Set up and run by Skype co-founders Ahti Heinla and Janus Friis, Starship Technologies are leading a revolution in local delivery. Introducing “smart, friendly” delivery robots that travel the pavements alongside the general public, they know their location, can navigate pedestrian traffic and leave practically no environmental footprint.
We talked to Allan Martinson, Starship’s COO, on the robots themselves and how exactly they’re set to change delivery for the better.
Allan Martinson and Ahti Heinla
What inspired the idea of self-driving delivery robots?
The idea for Starship came in summer of 2014 when two Skype co-founders Ahti Heinla and Janus Friis brainstormed ideas for a new startup. They wanted to do something in robotics as Ahti had been working with a team, participating in the NASA Centennial Challenge.
When going through various ideas it occurred to them that last mile delivery is probably one of the largest non-disrupted industries in the world that could dramatically change by implementing robots.
Why do you feel there’s a gap in the market for Starship Technologies now, more than ever before?
We believe that solving the last mile delivery problem is the key for further growth in e-commerce. The consumers want three things from delivery: it must be free, it must come to their doorsteps and they must be able to track where their packages are at any moment.
All delivery firms consider last mile as the most expensive and inefficient part of the e-commerce delivery chain. However, there is almost no room for further cost optimisation. Doing door-to-door delivery with humans will never be efficient, and time is ripe to automate that.
Starship allows radical cost improvement (from $3 to $20 per delivery to sub-$1) with dramatic increase in convenience (delivery in 15 to 20 minutes within 5 minute delivery windows, as well as the possibility for easy e-commerce returns).
How do you see your innovations changing the delivery landscape?
We will allow the delivery and e-commerce firms to skip the last mile door-to-door component and instead deliver packages in bulk to our delivery stations, or hubs. The robots will bring the packages to consumers from those stations when it is convenient for recipients.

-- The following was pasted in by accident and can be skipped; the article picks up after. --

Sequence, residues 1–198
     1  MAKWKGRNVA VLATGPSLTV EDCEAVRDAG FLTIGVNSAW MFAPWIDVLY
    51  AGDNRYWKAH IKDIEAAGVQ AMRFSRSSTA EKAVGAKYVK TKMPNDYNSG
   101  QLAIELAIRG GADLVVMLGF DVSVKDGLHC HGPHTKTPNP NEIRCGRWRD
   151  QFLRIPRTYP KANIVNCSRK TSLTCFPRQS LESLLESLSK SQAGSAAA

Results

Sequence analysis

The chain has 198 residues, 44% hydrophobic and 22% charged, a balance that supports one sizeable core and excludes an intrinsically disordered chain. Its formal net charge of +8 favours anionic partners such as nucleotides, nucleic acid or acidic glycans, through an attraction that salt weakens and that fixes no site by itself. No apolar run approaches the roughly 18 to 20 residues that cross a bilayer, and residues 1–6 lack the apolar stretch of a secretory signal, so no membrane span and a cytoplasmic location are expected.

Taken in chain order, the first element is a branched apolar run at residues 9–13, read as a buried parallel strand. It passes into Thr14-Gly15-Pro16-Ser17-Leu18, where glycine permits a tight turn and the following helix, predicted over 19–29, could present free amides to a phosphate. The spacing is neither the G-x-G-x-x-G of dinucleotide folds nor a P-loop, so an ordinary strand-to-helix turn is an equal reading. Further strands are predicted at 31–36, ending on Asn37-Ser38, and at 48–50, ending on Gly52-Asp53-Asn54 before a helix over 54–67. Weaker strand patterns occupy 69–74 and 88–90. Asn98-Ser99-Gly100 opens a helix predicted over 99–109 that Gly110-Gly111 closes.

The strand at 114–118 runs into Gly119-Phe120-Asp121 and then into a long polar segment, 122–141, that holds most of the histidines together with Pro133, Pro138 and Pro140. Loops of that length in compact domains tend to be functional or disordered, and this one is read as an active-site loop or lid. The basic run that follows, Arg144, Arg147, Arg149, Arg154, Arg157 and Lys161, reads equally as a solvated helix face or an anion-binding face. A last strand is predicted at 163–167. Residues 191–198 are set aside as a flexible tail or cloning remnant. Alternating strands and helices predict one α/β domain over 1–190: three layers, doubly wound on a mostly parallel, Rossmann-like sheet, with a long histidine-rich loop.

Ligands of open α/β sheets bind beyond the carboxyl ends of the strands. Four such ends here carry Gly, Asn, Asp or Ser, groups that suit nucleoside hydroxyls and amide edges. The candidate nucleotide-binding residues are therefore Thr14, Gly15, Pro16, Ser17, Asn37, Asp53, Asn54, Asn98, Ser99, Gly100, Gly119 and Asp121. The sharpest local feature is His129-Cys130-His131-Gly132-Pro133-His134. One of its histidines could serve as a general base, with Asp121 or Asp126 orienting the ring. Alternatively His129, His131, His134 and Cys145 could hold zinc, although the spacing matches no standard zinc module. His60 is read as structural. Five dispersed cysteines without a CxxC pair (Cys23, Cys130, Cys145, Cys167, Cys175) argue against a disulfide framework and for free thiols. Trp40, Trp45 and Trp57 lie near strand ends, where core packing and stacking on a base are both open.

Robotic delivery platform allows also several further innovations: robotised grocery stores, laundries and rental stations, easy return and new forms of food delivery. All of that in 15 to 30 minutes, almost free of charge.
Could you talk a little bit about the technical part of the innovation? How do these robots actually work, and how will they blend in with people?
The robots use integrated navigation and obstacle avoidance software that enables them to drive autonomously, but they are also overseen by human operators, who can step in to ensure safety at all times.
It has sensors and cameras to help it navigate its way round the streets and with six wheels is not deterred by rain or snow. Much like a human would sense potential collisions and velocity of moving objects, it detects obstacles and halts at any sign of interference. It drives only 99% autonomously, having had its designated local area mapped and re-mapped to know the exact local layout.
The robot is designed to move at pedestrian speeds so it blends in with its surroundings very well. In fact, during testing, most people didn’t seem to notice the robot. Initial social acceptance testing included driving 200 km and meeting 13,000 people in process. On average, 80-90% of passers-by showed no reaction to the robot whatsoever, while 10-20% expressed a positive reaction.
Obviously this is only applicable for local deliveries. How do you see something like this expanding in the future?
We see that the whole delivery chain will ultimately be robotic, including self-driving trucks and vans and also drones that might be well-suited for certain point-to-point deliveries.
Ultimately, the delivery platform will resemble the internet with its back-bone and last mile channels, routers/hub and cloud/warehouses. In 20 to 25 years things will move themselves and we will not think much about how it is happening.
You’ve talked about the concept having zero environmental impact. Are this and sustainability important parts of your business model?
Absolutely. Energy cost forms a really tiny part of our cost structure at below 1%, per delivery. The robots consume less electricity than an electric bulb.
As the Starship robots are 100 times lighter than cars and fully electric, we leave practically zero environmental footprint.
All images courtesy of Starship.